- Apparently, Pluto may have a subsurface ocean, owing to evidences of plumes escaping the planet. The team of scientists will be investigating them when New Horizons is behind Pluto, looking back toward the Sun.
- Pluto's surface isn't as pockmarked like the moon, although there are a few crater holes on the surface. Apart from that, the true nature of the huge, black equatorial region of Pluto is still unknown. Plus, what's the deal with the inexplicably massive, white, heart-shaped region?
Pluto System in Hi-Rez is Happening
- While NASA has indeed been feeding us with incremental photos of Pluto and Charon for weeks, expect things to get clearer once the New Horizons gets closer to it.
- For the more keen-eyed followers, note that the Twitter bot NewHorizonsBot is your best source for instant links to the latest uploads to the JUAPL server.
- At around 11:15PM ET, 13 July, the team received a downlink from New Horizons with the best full-frame image from the black-and-white LORRI camera. Now it is highly likely to be released on 14 July morning.
- Following this, New Horizons will "go dark" as it prepares for its flyby the next morning. Since the spacecraft is just zooming past an orbit around Pluto, the spacecraft will focus its instruments to take full advantage of the distance.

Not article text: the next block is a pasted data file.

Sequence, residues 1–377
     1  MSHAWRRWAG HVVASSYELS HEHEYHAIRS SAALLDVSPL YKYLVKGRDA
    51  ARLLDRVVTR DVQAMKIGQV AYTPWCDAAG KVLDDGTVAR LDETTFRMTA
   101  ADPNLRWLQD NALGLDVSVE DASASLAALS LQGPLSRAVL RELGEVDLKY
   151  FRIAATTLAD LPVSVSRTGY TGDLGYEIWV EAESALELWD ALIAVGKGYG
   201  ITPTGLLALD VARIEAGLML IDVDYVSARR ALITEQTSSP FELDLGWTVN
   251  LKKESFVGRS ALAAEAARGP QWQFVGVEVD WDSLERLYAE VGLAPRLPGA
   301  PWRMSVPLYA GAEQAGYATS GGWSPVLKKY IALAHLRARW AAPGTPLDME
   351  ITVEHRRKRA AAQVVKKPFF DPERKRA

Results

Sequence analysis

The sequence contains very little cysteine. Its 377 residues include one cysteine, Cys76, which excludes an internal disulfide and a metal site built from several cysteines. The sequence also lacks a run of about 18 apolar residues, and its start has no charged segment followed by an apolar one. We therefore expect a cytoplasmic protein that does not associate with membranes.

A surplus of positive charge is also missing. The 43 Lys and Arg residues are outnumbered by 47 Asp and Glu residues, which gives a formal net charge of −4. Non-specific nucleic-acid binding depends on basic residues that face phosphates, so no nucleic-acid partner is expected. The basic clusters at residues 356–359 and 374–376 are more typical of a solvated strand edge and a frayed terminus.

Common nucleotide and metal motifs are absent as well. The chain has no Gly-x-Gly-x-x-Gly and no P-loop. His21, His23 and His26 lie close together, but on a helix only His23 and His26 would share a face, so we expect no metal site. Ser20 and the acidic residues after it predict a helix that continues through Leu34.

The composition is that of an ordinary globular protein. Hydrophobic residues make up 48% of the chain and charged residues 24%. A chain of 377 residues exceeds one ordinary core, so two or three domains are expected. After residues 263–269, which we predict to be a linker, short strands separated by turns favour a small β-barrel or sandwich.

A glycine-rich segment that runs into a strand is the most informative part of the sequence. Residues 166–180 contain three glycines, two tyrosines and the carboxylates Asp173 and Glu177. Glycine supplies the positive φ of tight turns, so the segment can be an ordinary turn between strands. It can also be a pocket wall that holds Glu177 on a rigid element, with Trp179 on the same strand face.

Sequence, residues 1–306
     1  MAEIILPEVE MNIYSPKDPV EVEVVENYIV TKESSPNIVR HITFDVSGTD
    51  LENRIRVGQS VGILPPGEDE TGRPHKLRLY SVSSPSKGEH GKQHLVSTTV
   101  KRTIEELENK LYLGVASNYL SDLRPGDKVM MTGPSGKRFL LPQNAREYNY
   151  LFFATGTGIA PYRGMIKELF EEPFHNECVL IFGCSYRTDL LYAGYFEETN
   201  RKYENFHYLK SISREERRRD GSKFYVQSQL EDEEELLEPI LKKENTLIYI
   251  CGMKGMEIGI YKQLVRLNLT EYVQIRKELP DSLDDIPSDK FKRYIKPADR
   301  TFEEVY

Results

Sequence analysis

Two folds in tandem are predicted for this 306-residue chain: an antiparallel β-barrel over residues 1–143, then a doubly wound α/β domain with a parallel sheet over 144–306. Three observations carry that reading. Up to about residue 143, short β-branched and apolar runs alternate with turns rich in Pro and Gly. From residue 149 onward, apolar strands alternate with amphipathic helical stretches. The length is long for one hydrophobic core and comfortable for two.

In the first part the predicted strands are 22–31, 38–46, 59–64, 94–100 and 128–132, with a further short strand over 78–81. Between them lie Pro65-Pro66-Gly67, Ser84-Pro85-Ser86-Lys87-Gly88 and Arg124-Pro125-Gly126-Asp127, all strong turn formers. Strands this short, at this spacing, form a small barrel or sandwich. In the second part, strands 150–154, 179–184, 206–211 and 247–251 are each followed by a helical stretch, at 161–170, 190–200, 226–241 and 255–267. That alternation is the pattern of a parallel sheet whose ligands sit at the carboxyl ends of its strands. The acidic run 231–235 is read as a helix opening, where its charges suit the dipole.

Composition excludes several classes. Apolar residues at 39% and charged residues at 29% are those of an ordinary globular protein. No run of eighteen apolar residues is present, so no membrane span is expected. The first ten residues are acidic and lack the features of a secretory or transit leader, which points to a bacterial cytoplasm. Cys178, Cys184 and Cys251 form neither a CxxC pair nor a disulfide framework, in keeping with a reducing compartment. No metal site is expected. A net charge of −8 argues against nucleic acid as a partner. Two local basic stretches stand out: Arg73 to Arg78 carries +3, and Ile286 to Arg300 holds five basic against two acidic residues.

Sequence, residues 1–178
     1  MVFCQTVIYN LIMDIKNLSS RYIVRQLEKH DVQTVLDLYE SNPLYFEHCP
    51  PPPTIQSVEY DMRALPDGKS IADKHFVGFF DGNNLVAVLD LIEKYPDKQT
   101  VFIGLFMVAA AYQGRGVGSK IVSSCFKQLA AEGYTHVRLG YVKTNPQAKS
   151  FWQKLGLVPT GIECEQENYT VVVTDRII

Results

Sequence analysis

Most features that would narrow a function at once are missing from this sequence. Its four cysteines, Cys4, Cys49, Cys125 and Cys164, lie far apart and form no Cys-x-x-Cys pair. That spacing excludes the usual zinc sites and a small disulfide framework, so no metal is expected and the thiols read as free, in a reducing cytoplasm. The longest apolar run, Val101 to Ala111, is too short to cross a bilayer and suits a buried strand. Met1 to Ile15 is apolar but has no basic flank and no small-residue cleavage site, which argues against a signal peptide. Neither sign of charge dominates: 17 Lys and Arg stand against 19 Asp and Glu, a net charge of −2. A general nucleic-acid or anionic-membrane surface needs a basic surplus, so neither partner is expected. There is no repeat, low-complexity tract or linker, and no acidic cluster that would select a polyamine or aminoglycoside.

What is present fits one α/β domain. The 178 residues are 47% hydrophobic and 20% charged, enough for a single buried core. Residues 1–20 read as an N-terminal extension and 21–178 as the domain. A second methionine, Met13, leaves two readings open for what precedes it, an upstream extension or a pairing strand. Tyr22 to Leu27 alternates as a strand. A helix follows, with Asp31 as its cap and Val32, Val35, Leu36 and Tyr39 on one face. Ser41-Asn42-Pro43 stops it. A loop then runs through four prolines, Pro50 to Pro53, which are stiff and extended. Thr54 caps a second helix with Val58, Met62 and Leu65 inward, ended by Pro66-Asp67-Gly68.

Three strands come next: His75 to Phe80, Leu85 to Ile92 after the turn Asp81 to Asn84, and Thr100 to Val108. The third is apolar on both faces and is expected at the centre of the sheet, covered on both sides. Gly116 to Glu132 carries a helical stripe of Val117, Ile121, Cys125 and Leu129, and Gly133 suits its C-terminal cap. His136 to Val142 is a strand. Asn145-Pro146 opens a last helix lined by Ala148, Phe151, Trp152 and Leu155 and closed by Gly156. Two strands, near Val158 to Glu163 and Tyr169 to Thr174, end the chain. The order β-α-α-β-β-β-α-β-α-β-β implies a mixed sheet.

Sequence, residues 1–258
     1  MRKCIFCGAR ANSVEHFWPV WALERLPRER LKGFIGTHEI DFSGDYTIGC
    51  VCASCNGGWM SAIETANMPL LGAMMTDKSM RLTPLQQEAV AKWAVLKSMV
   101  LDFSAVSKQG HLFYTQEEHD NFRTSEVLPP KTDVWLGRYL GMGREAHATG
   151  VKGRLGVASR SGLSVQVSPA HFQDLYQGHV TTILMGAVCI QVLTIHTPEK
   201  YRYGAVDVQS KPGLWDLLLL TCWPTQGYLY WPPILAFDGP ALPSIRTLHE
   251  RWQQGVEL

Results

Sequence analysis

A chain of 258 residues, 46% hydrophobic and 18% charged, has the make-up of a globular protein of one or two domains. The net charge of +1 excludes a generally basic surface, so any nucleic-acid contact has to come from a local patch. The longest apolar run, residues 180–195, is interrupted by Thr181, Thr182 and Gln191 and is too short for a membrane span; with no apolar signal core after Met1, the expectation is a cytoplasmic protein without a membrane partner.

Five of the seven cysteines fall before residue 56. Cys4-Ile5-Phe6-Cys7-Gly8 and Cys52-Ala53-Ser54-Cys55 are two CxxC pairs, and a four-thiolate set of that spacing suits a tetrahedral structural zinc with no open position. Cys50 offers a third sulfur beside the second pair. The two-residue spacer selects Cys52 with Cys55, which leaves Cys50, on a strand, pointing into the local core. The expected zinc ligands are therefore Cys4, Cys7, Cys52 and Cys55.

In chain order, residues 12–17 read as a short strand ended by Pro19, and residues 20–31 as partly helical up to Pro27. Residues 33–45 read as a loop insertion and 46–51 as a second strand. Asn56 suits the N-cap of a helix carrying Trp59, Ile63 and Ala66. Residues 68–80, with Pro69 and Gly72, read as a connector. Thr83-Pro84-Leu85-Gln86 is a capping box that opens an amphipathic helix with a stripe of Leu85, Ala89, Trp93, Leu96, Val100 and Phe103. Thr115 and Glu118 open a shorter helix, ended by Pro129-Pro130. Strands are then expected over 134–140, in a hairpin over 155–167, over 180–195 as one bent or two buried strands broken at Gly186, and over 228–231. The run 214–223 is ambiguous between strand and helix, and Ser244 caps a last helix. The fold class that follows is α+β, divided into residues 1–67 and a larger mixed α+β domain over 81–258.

- New Horizons is set to make that closest approach — about 12,500km (or 7,800 miles) — at 7:49AM ET. According to Stern, there's only a one-in-10,000 chance that the spacecraft will be impacted by debris.
- However, New Horizons is travelling at about 31,000 miles per hour and any contact with pieces of debris of significant size could spell danger for the probe. NASA TV will hold a live broadcast for this from 7:30AM ET until 9:00AM ET.
- On Wednesday morning, at 7AM ET, scientists will downlink the best full-frame image of Charon. Besides, we should also be treated to a glimpse of Hydra, one of Pluto's other moons.
- Later in the day, we should successfully receive the first high-resolution mosaic of Pluto, set to be released sometime around 3:25PM ET.